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Thursday, November 14, 2013

Posting-system impasse between MLB, Japan puts Masahiro Tanaka’s future on hold | MLB.com: News

This needs to get settled.

The posting-fee system that has allowed Yu Darvish, Ichiro Suzuki, Daisuke Matsuzaka and others to play Major League Baseball before reaching free agency in Japan is in limbo, Rob Manfred, MLB’s chief operating officer, said on Thursday.

The impasse between Major League Baseball and Nippon Professional Baseball puts the immediate future of pitcher Masahiro Tanaka in doubt. Tanaka, who went 24-0 in the regular season this year for the Japan Series-champion Rakuten Golden Eagles, was expected to be posted this offseason and command a high fee and multiyear contract.

Without a posting agreement, the 25-year-old Tanaka would have to play two more seasons to attain the nine years of service time required to become a free agent in Japan.

Jim Furtado Posted: November 14, 2013 at 07:15 PM | 12 comment(s) Login to Bookmark
  Tags: japanese baseball, masahiro tanaka

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   1. AROM Posted: November 14, 2013 at 08:11 PM (#4600454)
MLB is really playing hardball, especially after appointing Ubaldo Jimenez, Ervin Santana, and Matt Garza to negotiate this.
   2. ptodd Posted: November 14, 2013 at 11:28 PM (#4600535)
MLB saving the Yankees from another Igawa. Anyways, Japan should decide what the requirements are for the players they release from their control. If MLB does not agree, they can just wait for players to be free agents and Japan teams can do without the posting fee.

I mean, how is the current system better for MLB than this new one. The only losers here are Japan teams, and they were forced by the players to change what for them was a very profitable system

MLB players are probably happy with the proposed plan since it forces MLB teams to pay more taxable salary to Japan players, which puts them on a more level playing field with MLB free agents. MLB teams should be happy since they will pay a lower posting fee, albeit at the cost of higher salaries which are spread out over several years. The small market teams who have been left out of the process as posting fees got too large should also be happy with a system that improves competitive balance. Only the few teams who have the money to spend on large posting fees and who are up against the tax threshold would be opposed to the change.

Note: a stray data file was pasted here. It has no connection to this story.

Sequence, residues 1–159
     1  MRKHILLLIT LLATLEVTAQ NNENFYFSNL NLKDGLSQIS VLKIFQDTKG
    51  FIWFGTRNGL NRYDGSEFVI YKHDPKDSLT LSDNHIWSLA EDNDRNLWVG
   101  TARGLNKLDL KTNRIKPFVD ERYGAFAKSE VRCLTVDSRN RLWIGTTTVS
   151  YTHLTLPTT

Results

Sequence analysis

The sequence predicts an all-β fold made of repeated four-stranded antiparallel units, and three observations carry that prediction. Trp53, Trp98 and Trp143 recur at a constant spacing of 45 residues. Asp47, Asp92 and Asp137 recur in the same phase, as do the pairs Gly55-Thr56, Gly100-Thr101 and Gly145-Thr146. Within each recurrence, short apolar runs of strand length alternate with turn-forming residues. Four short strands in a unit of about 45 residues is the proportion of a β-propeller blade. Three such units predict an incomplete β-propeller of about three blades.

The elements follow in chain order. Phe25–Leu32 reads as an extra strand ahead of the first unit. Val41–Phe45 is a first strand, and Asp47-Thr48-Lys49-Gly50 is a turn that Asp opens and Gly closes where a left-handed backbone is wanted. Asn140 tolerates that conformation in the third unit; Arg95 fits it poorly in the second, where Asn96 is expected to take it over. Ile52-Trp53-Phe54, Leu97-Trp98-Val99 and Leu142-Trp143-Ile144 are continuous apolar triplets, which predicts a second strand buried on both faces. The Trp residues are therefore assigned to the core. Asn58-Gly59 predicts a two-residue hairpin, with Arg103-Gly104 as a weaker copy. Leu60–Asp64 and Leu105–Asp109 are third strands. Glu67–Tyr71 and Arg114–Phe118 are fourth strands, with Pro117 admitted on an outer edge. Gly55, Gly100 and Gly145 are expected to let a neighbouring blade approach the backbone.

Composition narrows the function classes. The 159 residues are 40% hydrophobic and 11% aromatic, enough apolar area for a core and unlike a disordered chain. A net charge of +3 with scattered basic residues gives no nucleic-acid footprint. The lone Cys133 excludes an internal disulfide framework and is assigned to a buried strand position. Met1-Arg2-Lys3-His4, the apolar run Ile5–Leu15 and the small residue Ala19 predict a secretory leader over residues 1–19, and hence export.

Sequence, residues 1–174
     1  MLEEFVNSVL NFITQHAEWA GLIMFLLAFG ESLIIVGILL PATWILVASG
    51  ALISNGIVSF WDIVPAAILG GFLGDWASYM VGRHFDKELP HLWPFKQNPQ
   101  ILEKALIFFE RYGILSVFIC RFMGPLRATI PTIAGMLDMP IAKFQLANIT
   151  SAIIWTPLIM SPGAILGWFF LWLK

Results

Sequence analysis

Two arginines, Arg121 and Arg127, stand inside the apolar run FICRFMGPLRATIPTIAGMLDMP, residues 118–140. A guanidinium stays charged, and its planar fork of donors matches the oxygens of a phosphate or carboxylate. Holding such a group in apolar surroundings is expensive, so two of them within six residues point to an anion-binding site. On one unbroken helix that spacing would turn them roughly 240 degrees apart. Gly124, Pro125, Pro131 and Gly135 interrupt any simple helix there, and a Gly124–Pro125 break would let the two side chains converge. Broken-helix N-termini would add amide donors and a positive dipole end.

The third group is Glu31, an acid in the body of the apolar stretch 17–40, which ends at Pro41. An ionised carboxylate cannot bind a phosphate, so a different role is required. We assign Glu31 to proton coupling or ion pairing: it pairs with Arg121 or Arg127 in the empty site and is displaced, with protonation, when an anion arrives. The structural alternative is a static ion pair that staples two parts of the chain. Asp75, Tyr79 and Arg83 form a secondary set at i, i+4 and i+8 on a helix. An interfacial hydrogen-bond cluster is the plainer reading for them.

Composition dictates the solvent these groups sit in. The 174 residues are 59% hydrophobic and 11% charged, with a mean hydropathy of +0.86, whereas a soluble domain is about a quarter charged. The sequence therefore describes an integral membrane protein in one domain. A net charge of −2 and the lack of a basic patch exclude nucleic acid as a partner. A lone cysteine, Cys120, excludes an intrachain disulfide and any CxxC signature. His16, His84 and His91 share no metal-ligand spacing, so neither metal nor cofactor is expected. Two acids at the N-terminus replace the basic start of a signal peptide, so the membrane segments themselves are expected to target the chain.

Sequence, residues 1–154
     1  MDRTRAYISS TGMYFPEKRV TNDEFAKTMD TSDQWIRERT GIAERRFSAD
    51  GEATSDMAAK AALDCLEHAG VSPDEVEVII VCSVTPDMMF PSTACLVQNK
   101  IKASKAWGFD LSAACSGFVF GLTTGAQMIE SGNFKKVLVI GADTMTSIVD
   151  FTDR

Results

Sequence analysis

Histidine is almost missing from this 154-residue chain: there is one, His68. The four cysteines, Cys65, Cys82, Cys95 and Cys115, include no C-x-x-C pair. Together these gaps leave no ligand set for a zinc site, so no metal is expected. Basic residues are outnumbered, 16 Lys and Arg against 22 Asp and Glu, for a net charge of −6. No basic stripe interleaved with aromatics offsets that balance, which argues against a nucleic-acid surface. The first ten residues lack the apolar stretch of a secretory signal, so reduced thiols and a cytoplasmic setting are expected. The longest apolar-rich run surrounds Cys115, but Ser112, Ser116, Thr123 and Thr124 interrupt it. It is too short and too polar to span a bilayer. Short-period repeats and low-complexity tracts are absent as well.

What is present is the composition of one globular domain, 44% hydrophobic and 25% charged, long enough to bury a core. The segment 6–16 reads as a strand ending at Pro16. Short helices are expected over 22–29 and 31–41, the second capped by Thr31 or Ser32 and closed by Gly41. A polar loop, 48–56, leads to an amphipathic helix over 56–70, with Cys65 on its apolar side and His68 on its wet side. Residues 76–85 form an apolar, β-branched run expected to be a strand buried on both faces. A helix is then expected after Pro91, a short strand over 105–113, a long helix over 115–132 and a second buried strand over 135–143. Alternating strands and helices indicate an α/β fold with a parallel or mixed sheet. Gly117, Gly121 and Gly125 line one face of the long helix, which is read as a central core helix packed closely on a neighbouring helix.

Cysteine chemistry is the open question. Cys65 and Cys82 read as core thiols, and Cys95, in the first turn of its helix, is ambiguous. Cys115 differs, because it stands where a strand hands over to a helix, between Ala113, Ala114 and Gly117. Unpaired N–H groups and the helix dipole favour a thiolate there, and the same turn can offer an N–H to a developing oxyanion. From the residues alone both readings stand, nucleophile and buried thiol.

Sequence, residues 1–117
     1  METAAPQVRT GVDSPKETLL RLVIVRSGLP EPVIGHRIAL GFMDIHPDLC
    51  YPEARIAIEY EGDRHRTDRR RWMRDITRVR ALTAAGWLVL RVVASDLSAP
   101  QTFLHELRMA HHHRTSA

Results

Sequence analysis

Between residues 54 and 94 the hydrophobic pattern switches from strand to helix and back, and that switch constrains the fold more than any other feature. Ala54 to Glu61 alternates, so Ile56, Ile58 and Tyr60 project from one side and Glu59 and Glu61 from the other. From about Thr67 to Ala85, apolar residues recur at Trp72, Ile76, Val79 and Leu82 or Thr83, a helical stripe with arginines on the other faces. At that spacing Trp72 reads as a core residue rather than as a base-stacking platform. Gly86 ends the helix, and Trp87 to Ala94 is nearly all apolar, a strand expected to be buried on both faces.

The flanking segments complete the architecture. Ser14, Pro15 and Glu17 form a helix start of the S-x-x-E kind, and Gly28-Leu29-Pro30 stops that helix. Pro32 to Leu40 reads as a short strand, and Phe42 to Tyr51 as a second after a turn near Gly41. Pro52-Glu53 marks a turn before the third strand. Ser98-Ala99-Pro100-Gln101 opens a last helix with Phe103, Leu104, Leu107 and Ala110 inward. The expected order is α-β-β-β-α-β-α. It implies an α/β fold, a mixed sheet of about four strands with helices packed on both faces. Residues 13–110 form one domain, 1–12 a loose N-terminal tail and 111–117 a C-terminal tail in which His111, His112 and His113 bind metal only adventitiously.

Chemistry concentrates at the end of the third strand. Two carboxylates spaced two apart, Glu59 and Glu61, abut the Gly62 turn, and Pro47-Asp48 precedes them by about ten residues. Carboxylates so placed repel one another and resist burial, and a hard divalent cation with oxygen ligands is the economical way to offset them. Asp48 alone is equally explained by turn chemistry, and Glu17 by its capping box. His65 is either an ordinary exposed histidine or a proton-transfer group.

3. you mess with the meat you get the wada Posted: November 15, 2013 at 02:11 AM (#4600570)
well the npb could just get screwed and have mlb taking what talent they want from japan when they want it.
   4. AROM Posted: November 15, 2013 at 08:12 AM (#4600610)
Two can play at that game. I don't think Mike Trout, if he's renewed for another year would jump to Japan for an 8 million dollar deal, as he is close enough to a big payday.

I could see a late bloomer like Carlos Ruiz was a few years ago - being 30 years old and not even arbitration eligible yet, taking a free agent deal in Japan if the 2 leagues can't respect each other's contracts. I strongly doubt that either league will go there.
   5. McCoy Posted: November 15, 2013 at 08:20 AM (#4600612)
Of the two the NPB is the one that couldn't deal with a war financially.
   6. John Northey Posted: November 15, 2013 at 11:11 AM (#4600695)